When it comes to restoration of her Lynmore Estates neighborhood, Carrie Redmond thanks God and Habitat for Humanity.
In giving the invocation at Tuesday’s ceremony for the 2014 Home Builder Blitz, she was quick to praise the local organization that has built 43 new homes in a community once rife with dilapidated buildings.
“They’re the only ones who would come out here. Everybody else was looking down on us,” said Redmond, who is the president of Lynmore Estates’ Neighborhood Watch.
Redmond has marked a quarter of a century in the neighborhood that sprouted in the old peach orchard off Mead Road near Macon’s industrial sector.
“It’s looking up around here,” Redmond said after touring the new four-bedroom, two-bathroom, one-story, vinyl-sided house at 571 Carmen Place.
A team of more than three dozen organizations set out to build the house in 30 days.
“Actually it was about 25 days from start to finish with the landscaping and everything,” said Nikki Porcher, marketing coordinator for the Macon Area Habitat for Humanity.
Habitat International promotes a Builder Blitz each year, and this year the local team partnered with the Home Builder Association of Middle Georgia and three residential contractors: New Atlantic Realty Group -- RDG Ventures; Wes Walker Builders LLC; and Tony Butler Construction.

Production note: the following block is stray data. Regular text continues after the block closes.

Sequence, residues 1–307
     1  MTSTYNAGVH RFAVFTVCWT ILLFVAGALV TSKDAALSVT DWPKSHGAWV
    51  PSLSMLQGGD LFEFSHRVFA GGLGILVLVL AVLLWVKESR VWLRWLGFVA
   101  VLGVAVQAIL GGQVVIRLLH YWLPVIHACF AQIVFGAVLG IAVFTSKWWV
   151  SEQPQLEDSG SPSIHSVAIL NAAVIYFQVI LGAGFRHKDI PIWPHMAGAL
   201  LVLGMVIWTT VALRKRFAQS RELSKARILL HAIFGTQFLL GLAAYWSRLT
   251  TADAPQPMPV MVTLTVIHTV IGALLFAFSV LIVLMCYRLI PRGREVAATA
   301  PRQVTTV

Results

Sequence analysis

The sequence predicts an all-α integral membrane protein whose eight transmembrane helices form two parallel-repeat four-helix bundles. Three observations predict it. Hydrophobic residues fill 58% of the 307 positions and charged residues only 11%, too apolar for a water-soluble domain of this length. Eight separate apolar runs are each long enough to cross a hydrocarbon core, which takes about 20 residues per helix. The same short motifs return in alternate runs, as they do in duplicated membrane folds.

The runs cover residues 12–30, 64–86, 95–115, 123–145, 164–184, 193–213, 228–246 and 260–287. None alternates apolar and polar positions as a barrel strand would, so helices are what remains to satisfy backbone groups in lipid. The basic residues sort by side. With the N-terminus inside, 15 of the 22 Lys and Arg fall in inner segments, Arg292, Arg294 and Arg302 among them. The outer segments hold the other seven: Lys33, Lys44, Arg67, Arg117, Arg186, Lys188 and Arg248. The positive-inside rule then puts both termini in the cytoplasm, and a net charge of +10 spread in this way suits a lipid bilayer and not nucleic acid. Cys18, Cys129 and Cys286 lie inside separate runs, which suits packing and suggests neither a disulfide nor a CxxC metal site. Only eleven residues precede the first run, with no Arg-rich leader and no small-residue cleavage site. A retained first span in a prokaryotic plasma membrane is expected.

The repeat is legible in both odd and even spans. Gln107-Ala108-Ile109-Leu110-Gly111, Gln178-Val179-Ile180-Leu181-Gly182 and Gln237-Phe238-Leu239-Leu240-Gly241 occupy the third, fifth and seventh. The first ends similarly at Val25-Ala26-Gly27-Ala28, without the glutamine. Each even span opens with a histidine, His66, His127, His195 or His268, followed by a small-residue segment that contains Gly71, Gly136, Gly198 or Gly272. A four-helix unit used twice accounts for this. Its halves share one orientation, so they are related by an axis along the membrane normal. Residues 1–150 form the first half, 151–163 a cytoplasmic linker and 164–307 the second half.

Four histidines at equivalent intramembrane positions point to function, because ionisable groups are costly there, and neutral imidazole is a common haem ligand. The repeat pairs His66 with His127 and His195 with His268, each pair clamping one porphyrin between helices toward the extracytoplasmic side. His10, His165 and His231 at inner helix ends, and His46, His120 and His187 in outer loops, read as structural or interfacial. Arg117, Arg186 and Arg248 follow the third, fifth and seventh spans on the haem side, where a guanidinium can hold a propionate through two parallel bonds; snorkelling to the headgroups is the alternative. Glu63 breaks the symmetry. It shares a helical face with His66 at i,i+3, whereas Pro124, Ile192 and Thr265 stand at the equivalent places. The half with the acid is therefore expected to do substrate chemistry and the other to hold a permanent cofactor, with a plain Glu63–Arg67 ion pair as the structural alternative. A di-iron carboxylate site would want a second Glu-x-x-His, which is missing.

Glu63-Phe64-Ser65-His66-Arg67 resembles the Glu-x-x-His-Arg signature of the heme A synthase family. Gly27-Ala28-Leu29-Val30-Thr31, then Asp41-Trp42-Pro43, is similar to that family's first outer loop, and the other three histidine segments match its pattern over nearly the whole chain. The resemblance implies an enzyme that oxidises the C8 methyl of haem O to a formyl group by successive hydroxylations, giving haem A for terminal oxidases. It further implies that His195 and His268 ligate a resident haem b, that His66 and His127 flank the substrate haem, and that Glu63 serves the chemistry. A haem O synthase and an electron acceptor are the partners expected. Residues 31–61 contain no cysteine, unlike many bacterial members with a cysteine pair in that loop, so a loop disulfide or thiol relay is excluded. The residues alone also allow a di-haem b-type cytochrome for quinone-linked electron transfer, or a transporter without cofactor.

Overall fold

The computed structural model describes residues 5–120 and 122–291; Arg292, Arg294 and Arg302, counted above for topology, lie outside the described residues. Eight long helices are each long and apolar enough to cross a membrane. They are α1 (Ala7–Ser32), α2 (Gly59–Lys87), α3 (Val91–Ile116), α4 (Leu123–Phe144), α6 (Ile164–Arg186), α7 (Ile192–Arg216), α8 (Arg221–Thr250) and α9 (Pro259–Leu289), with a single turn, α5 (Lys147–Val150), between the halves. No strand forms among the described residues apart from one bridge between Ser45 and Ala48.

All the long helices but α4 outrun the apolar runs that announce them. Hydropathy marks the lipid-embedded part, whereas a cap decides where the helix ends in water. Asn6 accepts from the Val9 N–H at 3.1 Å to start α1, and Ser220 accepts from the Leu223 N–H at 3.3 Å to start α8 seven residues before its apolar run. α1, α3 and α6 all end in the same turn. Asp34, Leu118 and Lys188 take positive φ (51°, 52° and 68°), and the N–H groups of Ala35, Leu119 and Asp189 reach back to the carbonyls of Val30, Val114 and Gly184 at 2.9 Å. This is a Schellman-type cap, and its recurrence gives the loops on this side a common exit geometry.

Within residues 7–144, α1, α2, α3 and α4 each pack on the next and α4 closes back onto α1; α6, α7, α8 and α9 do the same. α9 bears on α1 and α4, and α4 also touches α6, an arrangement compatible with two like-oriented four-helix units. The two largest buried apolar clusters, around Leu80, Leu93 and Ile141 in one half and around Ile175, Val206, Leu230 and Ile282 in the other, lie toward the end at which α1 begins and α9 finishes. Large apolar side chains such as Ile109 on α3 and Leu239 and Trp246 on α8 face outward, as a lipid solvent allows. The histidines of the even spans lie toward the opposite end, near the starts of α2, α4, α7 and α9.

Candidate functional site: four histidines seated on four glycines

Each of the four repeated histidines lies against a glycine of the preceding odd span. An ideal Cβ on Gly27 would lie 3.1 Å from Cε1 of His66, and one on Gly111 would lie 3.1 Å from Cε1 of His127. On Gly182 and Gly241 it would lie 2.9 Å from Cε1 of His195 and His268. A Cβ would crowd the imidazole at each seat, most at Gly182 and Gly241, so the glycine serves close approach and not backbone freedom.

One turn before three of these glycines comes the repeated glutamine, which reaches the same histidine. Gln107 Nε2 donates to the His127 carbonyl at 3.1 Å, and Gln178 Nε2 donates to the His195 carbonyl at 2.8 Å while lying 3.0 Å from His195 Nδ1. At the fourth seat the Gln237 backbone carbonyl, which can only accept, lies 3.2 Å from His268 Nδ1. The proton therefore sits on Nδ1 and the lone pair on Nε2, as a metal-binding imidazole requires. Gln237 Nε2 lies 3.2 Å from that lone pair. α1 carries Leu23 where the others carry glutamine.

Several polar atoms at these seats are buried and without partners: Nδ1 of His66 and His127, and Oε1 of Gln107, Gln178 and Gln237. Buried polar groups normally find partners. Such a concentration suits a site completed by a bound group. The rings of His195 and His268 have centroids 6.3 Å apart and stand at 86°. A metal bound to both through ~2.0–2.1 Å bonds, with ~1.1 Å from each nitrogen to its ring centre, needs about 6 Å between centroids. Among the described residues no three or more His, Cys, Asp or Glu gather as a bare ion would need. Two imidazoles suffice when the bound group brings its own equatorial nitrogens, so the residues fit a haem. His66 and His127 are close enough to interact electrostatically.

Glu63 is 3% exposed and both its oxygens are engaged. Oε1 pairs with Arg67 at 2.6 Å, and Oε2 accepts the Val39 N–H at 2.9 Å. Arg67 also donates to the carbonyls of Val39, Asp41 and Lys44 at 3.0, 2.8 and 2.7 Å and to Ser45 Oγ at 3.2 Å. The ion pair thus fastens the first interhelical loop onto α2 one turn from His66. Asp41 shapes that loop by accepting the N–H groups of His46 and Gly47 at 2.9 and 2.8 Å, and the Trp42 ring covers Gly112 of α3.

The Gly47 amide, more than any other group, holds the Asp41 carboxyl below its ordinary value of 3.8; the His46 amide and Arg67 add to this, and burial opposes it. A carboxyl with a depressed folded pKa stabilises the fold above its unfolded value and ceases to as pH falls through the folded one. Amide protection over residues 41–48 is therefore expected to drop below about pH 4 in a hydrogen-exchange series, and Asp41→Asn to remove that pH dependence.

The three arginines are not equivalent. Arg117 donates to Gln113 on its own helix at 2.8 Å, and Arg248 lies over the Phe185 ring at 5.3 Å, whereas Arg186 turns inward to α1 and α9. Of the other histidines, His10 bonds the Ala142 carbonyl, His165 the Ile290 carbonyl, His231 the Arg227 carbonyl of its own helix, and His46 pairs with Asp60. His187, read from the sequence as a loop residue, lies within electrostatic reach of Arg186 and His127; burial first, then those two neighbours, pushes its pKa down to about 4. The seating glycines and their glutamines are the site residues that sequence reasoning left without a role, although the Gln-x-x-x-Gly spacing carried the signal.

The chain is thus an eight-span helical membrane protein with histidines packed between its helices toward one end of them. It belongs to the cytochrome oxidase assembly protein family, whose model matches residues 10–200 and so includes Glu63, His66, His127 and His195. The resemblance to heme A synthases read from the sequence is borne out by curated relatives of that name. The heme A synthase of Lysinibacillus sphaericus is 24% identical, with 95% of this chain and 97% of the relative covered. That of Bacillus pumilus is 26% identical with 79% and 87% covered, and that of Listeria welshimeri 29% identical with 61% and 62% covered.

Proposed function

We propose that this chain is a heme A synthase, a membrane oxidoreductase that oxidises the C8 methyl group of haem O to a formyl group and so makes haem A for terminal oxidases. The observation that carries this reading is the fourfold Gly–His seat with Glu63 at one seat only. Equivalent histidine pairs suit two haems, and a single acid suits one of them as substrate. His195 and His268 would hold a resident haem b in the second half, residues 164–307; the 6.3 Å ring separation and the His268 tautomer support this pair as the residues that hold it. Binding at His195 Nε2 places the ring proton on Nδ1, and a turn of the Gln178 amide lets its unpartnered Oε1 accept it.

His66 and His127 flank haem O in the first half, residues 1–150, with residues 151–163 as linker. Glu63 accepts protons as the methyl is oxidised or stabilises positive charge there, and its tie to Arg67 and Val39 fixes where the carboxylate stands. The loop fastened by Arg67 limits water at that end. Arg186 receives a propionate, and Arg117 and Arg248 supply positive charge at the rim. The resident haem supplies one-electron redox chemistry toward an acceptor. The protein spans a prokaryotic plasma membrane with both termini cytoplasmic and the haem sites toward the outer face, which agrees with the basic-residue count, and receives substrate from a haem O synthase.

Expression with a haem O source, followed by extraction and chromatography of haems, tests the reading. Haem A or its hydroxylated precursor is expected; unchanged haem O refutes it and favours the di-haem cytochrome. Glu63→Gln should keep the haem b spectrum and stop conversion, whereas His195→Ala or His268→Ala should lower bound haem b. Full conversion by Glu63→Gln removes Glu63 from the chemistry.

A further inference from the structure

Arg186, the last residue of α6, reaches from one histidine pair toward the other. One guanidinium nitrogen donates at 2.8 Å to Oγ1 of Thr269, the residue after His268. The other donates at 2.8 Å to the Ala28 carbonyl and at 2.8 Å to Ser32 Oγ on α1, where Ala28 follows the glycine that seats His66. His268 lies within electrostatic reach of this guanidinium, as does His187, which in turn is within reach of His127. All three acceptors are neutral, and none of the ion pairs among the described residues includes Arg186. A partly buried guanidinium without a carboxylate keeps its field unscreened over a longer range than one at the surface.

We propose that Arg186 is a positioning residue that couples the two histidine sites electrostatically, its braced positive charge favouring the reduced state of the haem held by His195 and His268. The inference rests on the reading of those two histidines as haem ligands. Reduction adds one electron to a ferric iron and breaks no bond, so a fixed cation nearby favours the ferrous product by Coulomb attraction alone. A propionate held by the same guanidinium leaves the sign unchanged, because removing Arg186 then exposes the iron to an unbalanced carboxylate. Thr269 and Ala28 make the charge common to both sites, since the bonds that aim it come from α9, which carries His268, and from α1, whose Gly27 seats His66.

The donated supplies and labor totaled more than $70,000, said Jim Mercer, Habitat’s local development director.
“We have a great base of donors and corporate sponsors,” Mercer said.
A new capital campaign is launched each year. The money raised before July determines how many projects can be completed, he said.
Over a five-year period, the organization is striving to serve 50 families by 2018 and is already at 13, said Harold Tessendorf, Habitat’s local executive director.
Donations fund about 10 new homes each year, he said. Three other houses are underway in Lynmore Estates.
“Our other big goal is to eliminate blight,” Tessendorf said. “We’re increasing the value of people’s property and we’re also making this a safer neighborhood.”
Joni Williams, a mother of four, will be moving her family into the new house in the coming weeks.
Begonias and vinca blooms are already putting down roots around a towering oak tree and in a flowerbed in front of the porch.
“This place has a special place in my heart,” said Greg Thompson, of Greg’s Georgia Gardens, who landscaped the property and put down sod. “I grew up here as a kid and I’m really excited they’re fixing the place up.”
In the early ‘60s, Thompson lived on Dorothy Avenue and Shi Place before moving to the country.
He didn’t often return. “At times, you wouldn’t want to come through here,” he said. “But I was amazed with what Habitat has done to bring this community up.”
Habitat’s neighborhood revitalization coordinator, Sundra Woodford, has organized a “Clean Sweep Cleanup” for June 21 and plans a fruit tree orchard and community vegetable garden.
She also tracks absentee property owners while working to tear down houses that are too far gone to save.
“It’s slow, but it’s progressing,” Woodford said. “If residents start seeing the neighborhood in a different way, then people will see the neighborhood in a different way.”